Tuesday, October 30, 2007

By the horns

By the horns

The city seems full of people in a tearing hurry as they shatter the peace with loud horns discovers Anoop Bharadwaj

Pensioners’ Paradise. The sobriquet that was granted exclusively to Bangalore and now remembered by a few, who’ve witnessed the metamorphosis of the once-peaceful cantonment into a metaphor for mayhem, has nearly sunk into oblivion. Quite rightly so, given the chaos that happens on the roads of the city daily. And let alone the proliferation of two wheelers and taxis, what adds to the irritation is the reckless honking by the drivers. Is everyone in such a hurry that he or she doesn’t care how the others are driving?

I for one wouldn’t outright accept the theory that all are in a tearing hurry to reach their destination. It may be just that the people think it’s their right to sound that horn. Like it’s absolutely necessary to use the horn every time they make the trip, however short it is, and however clear the roads are! Not for a moment would they even think about the extent of inconvenience it causes to the fellow commuters on the road. Cab drivers especially use horns that are shrill enough to shatter eardrums. Though it is understandable that more often than not, they would be ferrying employees of call centres and other BPOs, and that maintaining time is absolutely essential, the extent to which they use the horns speaks of indifference on the part of the drivers.

What is also annoying is that most of the drivers honk even when the traffic is moving smoothly, and maintaining lane discipline!! It is definitely not considerate on their part to force the vehicle in the front to make way for them, when the latter isn’t blocking the traffic at all. There’ve been numerous instances where I’ve seen some riders blasting the horn away in absolutely calm residential areas.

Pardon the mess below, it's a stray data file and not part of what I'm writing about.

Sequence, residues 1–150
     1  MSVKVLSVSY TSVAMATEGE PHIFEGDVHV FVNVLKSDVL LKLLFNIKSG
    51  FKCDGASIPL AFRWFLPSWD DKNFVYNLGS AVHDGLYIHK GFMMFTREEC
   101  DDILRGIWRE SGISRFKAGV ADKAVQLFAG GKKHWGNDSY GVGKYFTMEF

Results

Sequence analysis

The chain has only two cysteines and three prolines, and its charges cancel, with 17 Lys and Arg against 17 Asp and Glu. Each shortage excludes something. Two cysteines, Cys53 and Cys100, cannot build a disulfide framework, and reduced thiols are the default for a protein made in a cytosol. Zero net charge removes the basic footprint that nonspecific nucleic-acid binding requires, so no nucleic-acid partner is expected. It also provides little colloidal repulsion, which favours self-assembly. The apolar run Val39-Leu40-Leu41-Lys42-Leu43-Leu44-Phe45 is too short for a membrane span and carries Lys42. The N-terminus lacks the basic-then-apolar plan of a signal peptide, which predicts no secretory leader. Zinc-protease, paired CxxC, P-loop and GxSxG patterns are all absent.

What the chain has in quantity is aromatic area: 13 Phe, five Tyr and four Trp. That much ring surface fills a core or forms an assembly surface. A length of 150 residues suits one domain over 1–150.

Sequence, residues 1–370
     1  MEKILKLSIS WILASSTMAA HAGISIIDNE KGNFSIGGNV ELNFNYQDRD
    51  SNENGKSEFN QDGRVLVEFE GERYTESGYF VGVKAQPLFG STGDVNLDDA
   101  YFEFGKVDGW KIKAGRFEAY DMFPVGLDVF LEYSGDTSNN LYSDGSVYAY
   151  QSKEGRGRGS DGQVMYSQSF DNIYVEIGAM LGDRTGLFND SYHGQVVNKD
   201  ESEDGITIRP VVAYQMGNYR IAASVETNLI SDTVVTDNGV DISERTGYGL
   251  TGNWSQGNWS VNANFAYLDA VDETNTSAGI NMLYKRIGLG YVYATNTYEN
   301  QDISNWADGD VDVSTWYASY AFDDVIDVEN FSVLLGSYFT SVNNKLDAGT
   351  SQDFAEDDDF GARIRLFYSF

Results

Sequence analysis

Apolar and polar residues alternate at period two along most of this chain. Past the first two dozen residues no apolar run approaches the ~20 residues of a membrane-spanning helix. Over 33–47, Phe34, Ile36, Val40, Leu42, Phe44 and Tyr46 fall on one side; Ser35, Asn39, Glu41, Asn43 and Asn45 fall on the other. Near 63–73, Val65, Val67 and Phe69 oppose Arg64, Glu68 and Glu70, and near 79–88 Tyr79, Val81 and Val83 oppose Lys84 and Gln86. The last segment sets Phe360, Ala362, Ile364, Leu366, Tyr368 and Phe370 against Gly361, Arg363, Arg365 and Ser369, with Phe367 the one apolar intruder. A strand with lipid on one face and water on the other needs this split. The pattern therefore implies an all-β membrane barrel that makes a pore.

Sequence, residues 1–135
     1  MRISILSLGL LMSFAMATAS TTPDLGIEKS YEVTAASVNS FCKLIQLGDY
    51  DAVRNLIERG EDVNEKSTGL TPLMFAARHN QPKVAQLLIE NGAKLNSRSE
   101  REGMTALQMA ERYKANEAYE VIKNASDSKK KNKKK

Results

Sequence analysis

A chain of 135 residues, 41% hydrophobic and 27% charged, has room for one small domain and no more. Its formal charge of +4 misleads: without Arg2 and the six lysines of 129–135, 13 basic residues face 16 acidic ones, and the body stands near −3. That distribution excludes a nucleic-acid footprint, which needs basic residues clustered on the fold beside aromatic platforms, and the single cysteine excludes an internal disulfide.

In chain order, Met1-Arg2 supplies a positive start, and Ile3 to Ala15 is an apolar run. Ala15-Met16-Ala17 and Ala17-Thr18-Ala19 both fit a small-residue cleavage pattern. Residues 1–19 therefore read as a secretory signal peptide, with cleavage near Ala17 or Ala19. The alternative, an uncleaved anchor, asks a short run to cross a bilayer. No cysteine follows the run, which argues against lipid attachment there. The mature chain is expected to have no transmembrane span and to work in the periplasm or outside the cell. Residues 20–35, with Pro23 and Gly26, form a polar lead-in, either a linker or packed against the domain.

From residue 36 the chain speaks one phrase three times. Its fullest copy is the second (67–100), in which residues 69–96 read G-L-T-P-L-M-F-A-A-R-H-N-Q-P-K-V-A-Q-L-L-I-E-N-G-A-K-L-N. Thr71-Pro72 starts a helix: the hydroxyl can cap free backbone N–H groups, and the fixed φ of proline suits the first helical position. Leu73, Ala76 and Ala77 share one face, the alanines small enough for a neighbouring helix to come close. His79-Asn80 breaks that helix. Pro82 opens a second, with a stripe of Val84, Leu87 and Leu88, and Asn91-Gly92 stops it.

One couldn’t help but get a feel that the chap behind the wheel is announcing his arrival in a big way.It is sad that there’s no law against reckless use of horns in vehicles. That may not even happen, because it is all subjective, isn’t it? Again one can’t help but make a comparison with the West, where the traffic takes offence to indiscriminate horning on the roads. After all, it takes much more than IT boom to make a superpower of a nation!

Do you have anything to say? About the state of the world, the city, your angst?


At Thursday, November 1, 2007 at 2:13:00 AM GMT+5:30, Anonymous Anonymous said...

We need to organize a 'No Horn Day' in Bengaluru. We need this to be organized at least once a month initially.

At Thursday, November 1, 2007 at 10:48:00 PM GMT+5:30, Anonymous Anonymous said...

Damn good idea!Maybe a FM station with some print tie up can try it....

At Saturday, November 3, 2007 at 3:55:00 PM GMT+5:30, Anonymous Anonymous said...

I do not think a "no horn day" would make a difference to be honest. Feasibility is the big word here. Can you imagine Yes, there are people who feel it absolutely necessary to press the horn instinctively even if the situation does not call for it. However, there are times (most times) when you cannot help it because people drive like maniacs and so if you do not press your horn chances are they will hit you or vice versa. I think there needs to be more organized traffic with more cops/lights/clear signs/good roads. Then part of the frustration will be lifted. In addition GOOD public transportation is key to any city easing its traffic to be honest. Most people own a vehicle coz the PTS is so ineffective. Solve that and half your problem is taken care of. A passive approach of NO Horn Day will not work. Believe me.


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